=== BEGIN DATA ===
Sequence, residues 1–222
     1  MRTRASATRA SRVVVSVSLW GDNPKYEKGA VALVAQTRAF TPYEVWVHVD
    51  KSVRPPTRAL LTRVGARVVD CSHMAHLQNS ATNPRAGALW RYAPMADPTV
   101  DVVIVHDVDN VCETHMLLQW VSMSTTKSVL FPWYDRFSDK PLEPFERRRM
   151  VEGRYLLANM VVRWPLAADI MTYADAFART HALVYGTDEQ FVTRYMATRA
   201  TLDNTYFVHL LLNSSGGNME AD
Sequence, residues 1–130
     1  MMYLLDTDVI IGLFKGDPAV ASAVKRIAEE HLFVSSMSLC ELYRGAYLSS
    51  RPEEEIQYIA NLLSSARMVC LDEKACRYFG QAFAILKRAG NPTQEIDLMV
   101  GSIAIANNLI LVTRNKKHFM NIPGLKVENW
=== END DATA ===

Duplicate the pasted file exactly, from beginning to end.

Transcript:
Sequence, residues 1–222
     1  MRTRASATRA SRVVVSVSLW GDNPKYEKGA VALVAQTRAF TPYEVWVHVD
    51  KSVRPPTRAL LTRVGARVVD CSHMAHLQNS ATNPRAGALW RYAPMADPTV
   101  DVVIVHDVDN VCETHMLLQW VSMSTTKSVL FPWYDRFSDK PLEPFERRRM
   151  VEGRYLLANM VVRWPLAADI MTYADAFART HALVYGTDEQ FVTRYMATRA
   201  TLDNTYFVHL LLNSSGGNME AD
Sequence, residues 1–130
     1  MMYLLDTDVI IGLFKGDPAV ASAVKRIAEE HLFVSSMSLC ELYRGAYLSS
    51  RPEEEIQYIA NLLSSARMVC LDEKACRYFG QAFAILKRAG NPTQEIDLMV
   101  GSIAIANNLI LVTRNKKHFM NIPGLKVENW